Sugarbeet Institute hits 50

Much has changed in the Red River Valley's sugar beet industry over the past 50 years. One of the constants is the International Sugarbeet Institute, which celebrates its 50th anniversary this month.

Much has changed in the Red River Valley's sugar beet industry over the past 50 years. One of the constants is the International Sugarbeet Institute, which celebrates its 50th anniversary this month.

The annual event will be held March 14 and 15 at the Alerus Center in Grand Forks, N.D. The Red River Valley is the nation's leading sugar beet growing region, and the Institute is billed as the nation's largest sugar beet trade show. An estimated 3,000 to 4,000 people will attend.

Allan Cattanach, general agronomist for American Crystal Sugar Co., in Moorhead, Minn., has been involved with the Institute since 1975. In that time, the area's sugar beet industry has seen many changes, and the Institute reflects that.

"Mechanization is a huge factor," he says. Once, beets were hoed by hand. Today, beet farmers use big equipment and technology to keep weeds in check.

Another change is the "size and scope of operations," he says. American Crystal once had about 2,500 grower-members but now has about 750.


Fewer companies manufacture sugar beet equipment today, which means fewer exhibits. However, the size and cost of equipment has soared.

This year, more than $4.5 million of products from 125 companies will be displayed in more than 100,000 square feet.

Origin in Crookston, Minn.

The event began in 1963 as a special seminar in the Red River Valley Winter Shows Arena in Crookston, Minn. It later became a two-day trade show and educational seminar, according to information from the Institute.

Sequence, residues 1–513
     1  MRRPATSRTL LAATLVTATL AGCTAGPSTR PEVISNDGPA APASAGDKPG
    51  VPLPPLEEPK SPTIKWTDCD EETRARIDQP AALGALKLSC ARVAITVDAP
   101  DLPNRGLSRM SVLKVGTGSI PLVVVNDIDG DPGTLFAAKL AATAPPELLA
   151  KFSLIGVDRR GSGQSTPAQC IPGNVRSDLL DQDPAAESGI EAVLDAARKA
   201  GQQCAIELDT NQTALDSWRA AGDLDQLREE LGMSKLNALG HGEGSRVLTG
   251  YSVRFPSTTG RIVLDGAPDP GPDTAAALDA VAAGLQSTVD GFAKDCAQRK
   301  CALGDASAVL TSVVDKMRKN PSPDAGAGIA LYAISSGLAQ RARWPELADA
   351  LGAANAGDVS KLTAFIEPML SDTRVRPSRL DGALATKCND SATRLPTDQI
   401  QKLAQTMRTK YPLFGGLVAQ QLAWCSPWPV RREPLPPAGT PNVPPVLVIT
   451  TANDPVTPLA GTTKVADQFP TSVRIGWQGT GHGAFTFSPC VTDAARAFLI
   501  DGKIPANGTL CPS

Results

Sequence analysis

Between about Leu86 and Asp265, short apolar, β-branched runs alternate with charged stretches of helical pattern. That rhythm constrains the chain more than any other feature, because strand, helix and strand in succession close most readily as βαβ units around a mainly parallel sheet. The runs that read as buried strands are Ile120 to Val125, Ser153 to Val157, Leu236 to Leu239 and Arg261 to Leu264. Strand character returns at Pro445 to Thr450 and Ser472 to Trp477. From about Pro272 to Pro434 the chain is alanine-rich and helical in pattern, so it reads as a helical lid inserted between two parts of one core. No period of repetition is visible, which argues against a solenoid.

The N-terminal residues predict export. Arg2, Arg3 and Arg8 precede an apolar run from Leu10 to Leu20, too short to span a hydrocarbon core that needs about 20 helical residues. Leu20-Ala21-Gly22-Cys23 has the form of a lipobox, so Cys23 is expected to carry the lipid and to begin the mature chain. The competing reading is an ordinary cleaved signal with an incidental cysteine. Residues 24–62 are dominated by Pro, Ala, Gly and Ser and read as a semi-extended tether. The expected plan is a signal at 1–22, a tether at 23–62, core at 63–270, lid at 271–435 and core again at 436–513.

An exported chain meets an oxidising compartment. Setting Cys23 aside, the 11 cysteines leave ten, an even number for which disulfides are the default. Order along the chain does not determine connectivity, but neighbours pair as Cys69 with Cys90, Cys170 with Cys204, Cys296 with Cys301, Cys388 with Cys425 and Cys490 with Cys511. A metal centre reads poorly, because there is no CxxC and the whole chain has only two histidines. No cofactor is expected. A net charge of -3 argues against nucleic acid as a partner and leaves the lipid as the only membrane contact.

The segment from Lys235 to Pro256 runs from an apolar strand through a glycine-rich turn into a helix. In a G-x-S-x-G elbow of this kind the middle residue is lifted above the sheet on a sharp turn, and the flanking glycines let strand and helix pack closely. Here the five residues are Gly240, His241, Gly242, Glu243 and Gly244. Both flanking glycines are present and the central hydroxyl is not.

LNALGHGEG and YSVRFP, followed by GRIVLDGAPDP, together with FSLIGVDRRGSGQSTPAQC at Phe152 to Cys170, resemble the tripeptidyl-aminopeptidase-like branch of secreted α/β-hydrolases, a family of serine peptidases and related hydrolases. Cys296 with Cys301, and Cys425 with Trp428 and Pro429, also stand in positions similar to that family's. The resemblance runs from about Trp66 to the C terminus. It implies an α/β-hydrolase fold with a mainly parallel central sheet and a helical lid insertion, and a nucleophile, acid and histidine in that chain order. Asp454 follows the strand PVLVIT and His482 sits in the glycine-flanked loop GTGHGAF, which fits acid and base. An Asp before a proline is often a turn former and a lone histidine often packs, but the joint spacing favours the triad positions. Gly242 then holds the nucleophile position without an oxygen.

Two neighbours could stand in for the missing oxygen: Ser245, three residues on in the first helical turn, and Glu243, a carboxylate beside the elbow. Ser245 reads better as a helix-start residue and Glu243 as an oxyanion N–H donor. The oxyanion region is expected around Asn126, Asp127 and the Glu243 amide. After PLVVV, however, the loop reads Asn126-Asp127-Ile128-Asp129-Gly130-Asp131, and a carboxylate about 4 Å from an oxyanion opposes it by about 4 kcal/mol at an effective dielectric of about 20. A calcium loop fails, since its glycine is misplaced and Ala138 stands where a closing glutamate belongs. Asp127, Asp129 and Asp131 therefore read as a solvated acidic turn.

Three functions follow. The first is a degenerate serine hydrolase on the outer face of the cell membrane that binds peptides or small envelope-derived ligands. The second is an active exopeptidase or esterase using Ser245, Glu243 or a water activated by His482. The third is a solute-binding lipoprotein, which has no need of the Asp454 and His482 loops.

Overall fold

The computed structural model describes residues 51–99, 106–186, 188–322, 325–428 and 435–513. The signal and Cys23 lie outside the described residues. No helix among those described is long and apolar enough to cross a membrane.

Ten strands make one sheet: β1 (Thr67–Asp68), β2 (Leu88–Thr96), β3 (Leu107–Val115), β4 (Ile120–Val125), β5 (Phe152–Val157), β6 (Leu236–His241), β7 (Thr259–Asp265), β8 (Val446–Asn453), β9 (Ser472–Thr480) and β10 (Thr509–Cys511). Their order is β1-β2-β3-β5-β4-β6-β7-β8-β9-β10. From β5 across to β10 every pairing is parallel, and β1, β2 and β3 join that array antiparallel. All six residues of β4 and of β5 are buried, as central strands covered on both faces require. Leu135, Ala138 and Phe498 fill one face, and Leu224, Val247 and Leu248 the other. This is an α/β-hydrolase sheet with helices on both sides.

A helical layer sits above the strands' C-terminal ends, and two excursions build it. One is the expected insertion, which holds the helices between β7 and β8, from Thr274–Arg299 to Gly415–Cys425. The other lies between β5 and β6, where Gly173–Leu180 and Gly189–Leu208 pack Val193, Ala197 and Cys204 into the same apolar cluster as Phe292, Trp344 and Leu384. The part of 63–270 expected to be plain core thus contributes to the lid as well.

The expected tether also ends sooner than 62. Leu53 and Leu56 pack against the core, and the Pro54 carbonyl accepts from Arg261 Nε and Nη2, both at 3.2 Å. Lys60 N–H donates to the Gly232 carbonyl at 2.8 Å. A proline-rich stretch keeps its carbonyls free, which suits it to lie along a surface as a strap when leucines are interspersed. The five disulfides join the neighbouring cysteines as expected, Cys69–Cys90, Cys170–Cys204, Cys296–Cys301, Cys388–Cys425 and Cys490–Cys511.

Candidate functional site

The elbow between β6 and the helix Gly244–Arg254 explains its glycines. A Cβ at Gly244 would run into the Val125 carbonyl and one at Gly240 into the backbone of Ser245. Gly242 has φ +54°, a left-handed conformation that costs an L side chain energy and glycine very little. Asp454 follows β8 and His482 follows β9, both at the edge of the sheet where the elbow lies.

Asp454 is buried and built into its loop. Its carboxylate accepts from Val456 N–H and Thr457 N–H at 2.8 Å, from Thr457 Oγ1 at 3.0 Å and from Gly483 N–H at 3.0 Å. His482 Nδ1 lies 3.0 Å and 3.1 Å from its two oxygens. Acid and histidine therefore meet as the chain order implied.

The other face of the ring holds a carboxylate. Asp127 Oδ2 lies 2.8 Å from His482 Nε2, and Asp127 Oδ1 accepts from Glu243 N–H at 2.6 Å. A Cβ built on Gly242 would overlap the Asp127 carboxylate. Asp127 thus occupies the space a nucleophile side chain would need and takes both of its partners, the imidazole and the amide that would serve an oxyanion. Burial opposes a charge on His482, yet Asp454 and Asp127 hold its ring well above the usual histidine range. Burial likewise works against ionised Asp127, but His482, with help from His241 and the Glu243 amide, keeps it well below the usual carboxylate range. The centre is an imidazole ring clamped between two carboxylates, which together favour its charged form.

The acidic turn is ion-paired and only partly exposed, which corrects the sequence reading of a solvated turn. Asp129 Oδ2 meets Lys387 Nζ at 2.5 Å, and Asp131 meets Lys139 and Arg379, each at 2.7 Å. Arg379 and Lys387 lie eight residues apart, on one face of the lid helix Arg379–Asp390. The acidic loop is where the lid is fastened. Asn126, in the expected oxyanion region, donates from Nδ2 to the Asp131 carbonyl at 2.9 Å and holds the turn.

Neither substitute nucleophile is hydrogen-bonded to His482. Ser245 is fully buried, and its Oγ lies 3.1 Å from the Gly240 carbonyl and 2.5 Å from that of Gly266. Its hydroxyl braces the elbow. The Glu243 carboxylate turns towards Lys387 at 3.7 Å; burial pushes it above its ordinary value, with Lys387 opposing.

The original name was the Sugar Beet Grower's Seminar, but the event later adopted its current name. The "International" was added in 1980, when Manitoba sugar growers joined in.

The Institute continues to attract international visitors, as well as attendees from across the country, although most of the people who attend are from the Upper Midwest, Cattanach says.

The Institute was held for many years at the Crookston arena. The adjacent Crookston National Guard Armory was used for the educational/information seminar held concurrently with the trade show.

In 1994, the event was held at the Fargodome in Fargo, N.D. In 2002, it was held at the Alerus Center. The Institute now alternates between the Fargodome and the Alerus Center.


Leaving Crookston was difficult because some supporters of the Institute liked holding it in a relatively small community, Cattanach says. Crookston, in northwestern Minnesota, has about 8,000 residents.

But both the Fargodome and the Alerus Center are popular places to hold the Institute, Cattanach says.

Many top U.S. political leaders have attended the event through the years. The list includes Tom Foley, a former Washington congressman who served as Speaker of the U.S. House of Representatives, according to information from the Institute.

This year's event

This year, the doors open at 9 a.m. on both days. Most of both days are devoted primarily to viewing exhibits, although each day will feature a speaker.

At 1:15 p.m. March 14, Owen Wagner will speak on "NAFTA Sugar Markets: Status and Outlook." Wagner is the senior economist, North America, for LMC, an agricultural consulting company.

At 10:10 a.m. March 15, Leon Osborne will speak on "Weather and Climate Trends and Patterns, 2012." He's president of Meridian Environmental Technology in Grand Forks.

Doors close at 5 p.m. March 14 and mid-afternoon on March 15.

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